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The Union Theatre’s pre-eminence as the home of  musical theatre continues with this very welcome revival of a preposterous & implausible but delightful & charming 60’s American homage / spoof of the golden age of 30’s film musicals.

In the first act, we’re on the stage of a broadway theatre where final rehearsals are underway for that night’s opening of a show starring the legendary Mona Kent. Stage struck Ruby arrives by bus from Utah and gets to replace the chorus girl whisked away by a rich punter. Newly enlisted sailor and songwriting wannabe Dick (from the same town in Utah!) then turns up and gets a song accepted by predatory Mona and falls in love with Ruby. Fellow sailor Lucky arrives looking for Dick (!) and falls in love with fellow chorus girl Joan. The demolition of the theatre means the show can’t open but the sailors have a plan – and we’ve only been going 50 minutes!

In the second half, the show must go on, so it’s staged on the navy ship, Mona is seasick so Ruby gets her big break and a star is born. We end with the triple wedding of Dick & Ruby, Lucky & Joan and Mona with the ship’s captain, an old flame…..and we’ve only been going another 50 minutes in real-time and only a day in stage time!

It has an excellent score beautifully sung and played well by just two pianos (MD: Richard Bates) and there are some very funny lines. Kirk Jameson’s revival, with excellent choreography from Drew McOnie, is pitch perfect, balancing the tongue-in-cheek parody with romantic charm. They are lucky to have a stunning cast. It’s great to see Rosemary Ashe on the fringe and she’s every inch the Broadway diva with a booming voice and terrific comic timing. Gemma Sutton and Catriana Sandison are both superb as the girls and Daniel Bartlett and Alan Hunter equally superb as the boys. Ian Mowatt and Anthony Wise provide fine comic cameos as the ship’s captain and theatre director respectively. In an outstanding ensemble there’s another Strallen, Sasi (exactly how many are there?!) and two impressive professional debuts from recent Arts Ed graduates Matt Gillett and Joshua Tonks.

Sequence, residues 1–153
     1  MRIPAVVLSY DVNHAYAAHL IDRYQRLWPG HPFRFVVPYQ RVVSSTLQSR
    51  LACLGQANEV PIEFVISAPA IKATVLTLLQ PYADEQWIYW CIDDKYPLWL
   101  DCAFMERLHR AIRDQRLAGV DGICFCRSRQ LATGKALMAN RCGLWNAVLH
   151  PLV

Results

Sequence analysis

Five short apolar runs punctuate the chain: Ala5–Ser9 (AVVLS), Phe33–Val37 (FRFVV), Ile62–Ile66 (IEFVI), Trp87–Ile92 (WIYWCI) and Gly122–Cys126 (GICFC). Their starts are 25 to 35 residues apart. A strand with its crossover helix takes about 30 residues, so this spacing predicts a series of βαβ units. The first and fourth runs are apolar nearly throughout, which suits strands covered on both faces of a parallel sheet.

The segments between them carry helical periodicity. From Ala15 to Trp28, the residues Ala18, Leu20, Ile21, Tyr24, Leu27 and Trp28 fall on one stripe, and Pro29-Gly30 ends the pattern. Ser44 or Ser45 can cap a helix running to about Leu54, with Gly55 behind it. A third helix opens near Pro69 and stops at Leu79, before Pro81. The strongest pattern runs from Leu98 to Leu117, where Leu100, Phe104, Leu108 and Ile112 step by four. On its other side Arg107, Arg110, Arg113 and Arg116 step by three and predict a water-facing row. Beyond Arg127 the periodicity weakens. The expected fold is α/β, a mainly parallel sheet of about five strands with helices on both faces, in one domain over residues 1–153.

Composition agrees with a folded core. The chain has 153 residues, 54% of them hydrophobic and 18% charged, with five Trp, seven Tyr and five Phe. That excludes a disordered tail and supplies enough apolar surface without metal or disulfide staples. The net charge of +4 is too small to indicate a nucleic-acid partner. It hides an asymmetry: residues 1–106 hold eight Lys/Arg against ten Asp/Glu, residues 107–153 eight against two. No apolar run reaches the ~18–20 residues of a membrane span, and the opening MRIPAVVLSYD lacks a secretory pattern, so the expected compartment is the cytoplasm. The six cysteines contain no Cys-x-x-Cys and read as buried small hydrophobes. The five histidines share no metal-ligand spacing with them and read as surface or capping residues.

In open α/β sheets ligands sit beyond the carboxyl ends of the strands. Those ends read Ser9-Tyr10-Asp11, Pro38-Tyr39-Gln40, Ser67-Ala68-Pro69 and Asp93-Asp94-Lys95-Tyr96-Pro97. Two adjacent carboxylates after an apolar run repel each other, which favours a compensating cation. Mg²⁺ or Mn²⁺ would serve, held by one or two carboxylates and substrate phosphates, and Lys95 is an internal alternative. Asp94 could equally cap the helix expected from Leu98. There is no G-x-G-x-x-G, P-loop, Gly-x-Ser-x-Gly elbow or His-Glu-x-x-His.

It’s a delightful, charing and funny evening that is unmissable for any lover of musical theatre.